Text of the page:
Auditors said the Energy Department may repeat missteps that led to cost and schedule overruns in an initiative to eliminate weapon-grade plutonium.
Officials used an “immature design” to establish a 2007 “baseline” plan for a new facility to convert the plutonium into mixed-oxide reactor fuel, the Energy Department’s inspector general said in a new report. Gregory Friedman and his audit team said the move led to inappropriately optimistic predictions on construction costs and employee turnover. Ultimately, ramifications included three years of delays and nearly $3 billion in unexpected costs for the project at South Carolina’s Savannah River Site.
“We remain concerned with the project management issues observed during the audit,” Friedman said in the May 22 assessment.
He said the problems found by his office’s investigation and by similar probes are “applicable to the future direction of the MOX Facility and other large department construction projects.” Previously, the Army Corps of Engineers determined that the MOX plant would cost $30 billion to build and maintain.
The Energy Department earlier this year announced plans to mothball the MOX facility, due to rising costs and schedule delays. The department’s semiautonomous National Nuclear Security Administration is still evaluating options for disposing of the 34 metric tons of excess U.S. weapons-grade plutonium, as required under a nonproliferation deal with Russia.
“This assessment and [an] associated independent review are expected to be completed in the next 12 to 18 months,” according to the inspector general’s report. “We are hopeful that the audit results can help to inform the current project reassessment.”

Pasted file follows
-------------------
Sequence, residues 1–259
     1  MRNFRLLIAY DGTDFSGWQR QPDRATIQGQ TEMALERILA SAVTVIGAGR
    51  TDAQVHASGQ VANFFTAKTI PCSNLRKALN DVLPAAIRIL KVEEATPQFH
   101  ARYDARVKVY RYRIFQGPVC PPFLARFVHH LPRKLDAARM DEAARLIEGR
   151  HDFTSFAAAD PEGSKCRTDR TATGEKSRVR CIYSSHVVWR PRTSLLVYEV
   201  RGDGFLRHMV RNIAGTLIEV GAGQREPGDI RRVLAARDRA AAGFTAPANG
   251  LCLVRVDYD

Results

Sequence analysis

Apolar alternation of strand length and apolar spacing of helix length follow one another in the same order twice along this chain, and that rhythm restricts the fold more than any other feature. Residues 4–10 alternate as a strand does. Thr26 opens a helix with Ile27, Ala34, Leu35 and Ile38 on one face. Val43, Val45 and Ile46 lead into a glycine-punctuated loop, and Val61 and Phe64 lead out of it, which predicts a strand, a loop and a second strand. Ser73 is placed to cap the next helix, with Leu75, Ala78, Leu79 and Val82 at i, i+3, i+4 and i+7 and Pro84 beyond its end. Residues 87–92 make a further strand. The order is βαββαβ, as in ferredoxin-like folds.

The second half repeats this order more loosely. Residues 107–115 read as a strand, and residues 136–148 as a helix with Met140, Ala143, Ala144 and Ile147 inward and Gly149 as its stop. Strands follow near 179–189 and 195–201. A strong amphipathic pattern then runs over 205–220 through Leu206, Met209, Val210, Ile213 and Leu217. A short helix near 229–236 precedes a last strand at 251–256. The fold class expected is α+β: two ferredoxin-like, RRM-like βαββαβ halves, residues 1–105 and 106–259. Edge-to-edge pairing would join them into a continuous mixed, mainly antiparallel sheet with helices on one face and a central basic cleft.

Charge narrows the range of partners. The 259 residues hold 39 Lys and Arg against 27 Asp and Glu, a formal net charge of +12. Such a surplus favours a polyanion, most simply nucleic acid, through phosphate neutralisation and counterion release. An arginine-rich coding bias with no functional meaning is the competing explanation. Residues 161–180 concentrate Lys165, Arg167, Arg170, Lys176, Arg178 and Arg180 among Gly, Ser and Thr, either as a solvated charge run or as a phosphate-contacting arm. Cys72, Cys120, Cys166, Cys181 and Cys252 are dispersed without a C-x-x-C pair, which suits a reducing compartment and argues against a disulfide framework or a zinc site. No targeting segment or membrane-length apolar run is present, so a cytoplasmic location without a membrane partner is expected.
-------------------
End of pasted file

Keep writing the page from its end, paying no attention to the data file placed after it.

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"Former FBI Director Robert Mueller has been cleared by U.S. Department of Justice ethics experts to oversee an investigation into possible collusion between then-candidate Donald Trump's 2016 election campaign and Russia." Some had speculated that the White House would use "an ethics rule limiting government attorneys from investigating people their former law firm represented" to trip up Mueller's appointment. Jared Kushner is a client of Mueller's firm, WilmerHale. "Although Mueller has now been cleared by the Justice Department, the White House may still use his former law firm's connection to Manafort and Kushner to undermine the findings of his investigation, according to two sources close to the White House."
Senate Intelligence Committee chairman Richard Burr (R-NC) and ranking member Mark Warner (D-VA) will subpoena two businesses owned by former National Security Advisor Michael Flynn. Burr said, "We would like to hear from General Flynn. We'd like to see his documents. We'd like him to tell his story because he publicly said he had a story to tell."
At an open hearing of the House Intelligence Committee, former CIA chief John Brennan said he saw information on Trump-Russia contacts that were worth a further look. "Having been involved in many counterintelligence cases in the past, I know what the Russians do. They try to suborn individuals," Brennan said. "And they try to get individuals, including U.S. persons, to act on their behalf, whether wittingly or unwittingly. And I was worried by a number of the contacts that the Russians had with U.S. persons, and so therefore by the time I left office ... I had unresolved questions in my mind."
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